Since you’re stacking this activity with something you already do, it’s easier to be consistent with it than if you started completely from scratch.   

Pair It With Another Activity

Similarly, you can also multitask and stretch while doing something else, like preparing coffee and cooking breakfast.

For example, as the coffee brews, you may focus on your neck, shoulders, and chest. While you boil eggs, you can focus on your lower back and hips.

Just make sure you don’t get so into your stretches that you forget to watch the timer or let the water boil over!

Work Toward a Reward

Sometimes, creating a habit and consistently doing something is easier if you know you’ll be rewarded. So maybe, after you’ve stretched every day for a consistent 30 days, you can treat yourself to a new yoga mat or a smoothie from your favorite cafe.

Find an Accountability Buddy

Do you have a friend or coworker who also wants to make stretching part of their morning routine?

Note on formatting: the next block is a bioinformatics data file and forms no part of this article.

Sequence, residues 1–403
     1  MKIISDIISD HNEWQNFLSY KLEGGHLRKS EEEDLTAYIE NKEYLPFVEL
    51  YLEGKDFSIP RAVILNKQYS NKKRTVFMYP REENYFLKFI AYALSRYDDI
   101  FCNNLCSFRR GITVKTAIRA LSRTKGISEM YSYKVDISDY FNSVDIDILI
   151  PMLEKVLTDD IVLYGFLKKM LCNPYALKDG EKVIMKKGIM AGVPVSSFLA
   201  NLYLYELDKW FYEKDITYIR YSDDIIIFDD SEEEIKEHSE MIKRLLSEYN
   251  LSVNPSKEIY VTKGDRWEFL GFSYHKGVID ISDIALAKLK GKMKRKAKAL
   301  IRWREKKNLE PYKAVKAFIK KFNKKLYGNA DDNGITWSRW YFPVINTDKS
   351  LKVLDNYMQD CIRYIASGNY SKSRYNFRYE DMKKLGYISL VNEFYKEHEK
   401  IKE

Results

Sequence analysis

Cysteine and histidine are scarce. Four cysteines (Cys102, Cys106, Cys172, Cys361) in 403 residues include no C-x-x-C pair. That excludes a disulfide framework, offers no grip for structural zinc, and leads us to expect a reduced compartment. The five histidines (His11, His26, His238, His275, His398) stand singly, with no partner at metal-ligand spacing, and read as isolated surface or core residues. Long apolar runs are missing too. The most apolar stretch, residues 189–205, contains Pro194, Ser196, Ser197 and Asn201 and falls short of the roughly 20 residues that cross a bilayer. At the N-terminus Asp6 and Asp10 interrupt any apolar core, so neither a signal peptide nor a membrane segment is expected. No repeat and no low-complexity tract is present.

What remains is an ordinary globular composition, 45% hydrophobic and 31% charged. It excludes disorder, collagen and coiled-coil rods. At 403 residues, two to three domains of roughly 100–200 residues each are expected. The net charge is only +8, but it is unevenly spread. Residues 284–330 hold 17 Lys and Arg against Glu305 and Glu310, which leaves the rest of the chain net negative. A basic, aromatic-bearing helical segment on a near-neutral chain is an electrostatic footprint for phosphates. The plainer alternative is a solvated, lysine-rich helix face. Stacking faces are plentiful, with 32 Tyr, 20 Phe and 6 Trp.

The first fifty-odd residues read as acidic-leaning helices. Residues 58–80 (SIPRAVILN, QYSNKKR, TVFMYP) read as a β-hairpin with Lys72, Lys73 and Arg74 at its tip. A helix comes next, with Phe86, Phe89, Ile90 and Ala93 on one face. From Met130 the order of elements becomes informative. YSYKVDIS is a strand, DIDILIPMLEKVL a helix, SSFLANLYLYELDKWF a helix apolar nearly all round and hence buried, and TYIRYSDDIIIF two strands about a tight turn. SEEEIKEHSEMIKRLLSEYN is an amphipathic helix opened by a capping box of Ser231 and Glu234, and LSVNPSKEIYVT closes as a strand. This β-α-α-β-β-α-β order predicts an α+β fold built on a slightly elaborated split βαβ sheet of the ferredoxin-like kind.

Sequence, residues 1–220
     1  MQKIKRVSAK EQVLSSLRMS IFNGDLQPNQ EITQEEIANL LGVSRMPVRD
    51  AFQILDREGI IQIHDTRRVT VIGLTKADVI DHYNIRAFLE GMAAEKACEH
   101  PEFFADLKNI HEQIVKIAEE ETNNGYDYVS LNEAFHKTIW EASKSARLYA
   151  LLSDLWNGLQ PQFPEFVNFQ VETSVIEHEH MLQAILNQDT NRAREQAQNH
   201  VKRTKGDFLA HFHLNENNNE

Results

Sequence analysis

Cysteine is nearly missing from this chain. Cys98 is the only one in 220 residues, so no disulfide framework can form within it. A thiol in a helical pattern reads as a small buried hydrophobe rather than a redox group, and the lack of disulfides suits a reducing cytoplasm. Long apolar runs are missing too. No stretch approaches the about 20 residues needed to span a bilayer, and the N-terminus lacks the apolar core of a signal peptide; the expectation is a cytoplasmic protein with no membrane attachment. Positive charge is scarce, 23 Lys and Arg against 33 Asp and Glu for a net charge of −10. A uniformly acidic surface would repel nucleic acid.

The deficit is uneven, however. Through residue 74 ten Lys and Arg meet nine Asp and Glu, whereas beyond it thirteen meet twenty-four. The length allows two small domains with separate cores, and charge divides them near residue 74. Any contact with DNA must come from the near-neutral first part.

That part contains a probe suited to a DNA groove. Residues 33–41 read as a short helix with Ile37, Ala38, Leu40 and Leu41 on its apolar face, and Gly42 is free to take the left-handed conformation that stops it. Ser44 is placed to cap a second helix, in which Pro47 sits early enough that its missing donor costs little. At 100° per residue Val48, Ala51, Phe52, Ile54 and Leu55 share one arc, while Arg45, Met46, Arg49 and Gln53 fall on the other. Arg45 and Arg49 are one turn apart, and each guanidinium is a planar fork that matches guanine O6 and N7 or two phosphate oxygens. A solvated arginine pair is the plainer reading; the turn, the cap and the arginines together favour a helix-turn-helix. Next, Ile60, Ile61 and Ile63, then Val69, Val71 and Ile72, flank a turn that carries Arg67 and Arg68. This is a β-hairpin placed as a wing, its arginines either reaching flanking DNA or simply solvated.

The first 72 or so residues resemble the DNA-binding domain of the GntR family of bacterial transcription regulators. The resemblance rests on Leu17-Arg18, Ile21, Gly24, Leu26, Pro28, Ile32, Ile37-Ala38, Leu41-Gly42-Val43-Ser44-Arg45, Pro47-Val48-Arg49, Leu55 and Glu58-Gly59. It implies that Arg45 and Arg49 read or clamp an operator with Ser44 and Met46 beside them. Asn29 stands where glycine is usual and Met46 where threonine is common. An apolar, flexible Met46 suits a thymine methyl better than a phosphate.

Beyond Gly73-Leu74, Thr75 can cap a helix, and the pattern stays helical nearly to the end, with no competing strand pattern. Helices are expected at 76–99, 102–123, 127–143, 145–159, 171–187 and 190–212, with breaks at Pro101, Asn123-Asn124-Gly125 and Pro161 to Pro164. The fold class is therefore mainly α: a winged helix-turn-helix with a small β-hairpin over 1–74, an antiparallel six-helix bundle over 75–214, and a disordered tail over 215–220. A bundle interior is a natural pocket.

If so, ask them if they want to be accountability buddies with you. Maybe you can check in with each other every morning after you’ve completed your stretches.

Knowing that someone is waiting to hear from you can give you the extra push to follow through, even if you don’t feel like it that day.

Use Technology

Apps like BetterYou can make creating and sticking to a healthy stretching routine even easier. BetterYou helps you set specific goals and offers reminders to ensure you follow through with them. It also tracks progress to keep you motivated.

Start Building the Perfect 20-Minute Stretching Routine Today

Doing a 20-minute stretching routine every morning allows you to start your day on the right foot. It can even help you make better, healthier choices moving forward.

Follow the above guidelines to build an effective stretching routine and make it a habit.

If you need additional help, don’t forget to check out BetterYou. This app helps you set and stick to health goals that matter to you. Contact us today to learn more, or give it a try. 

The BetterYou app uses behavior science to improve digital health and make it stick.

Want to learn how?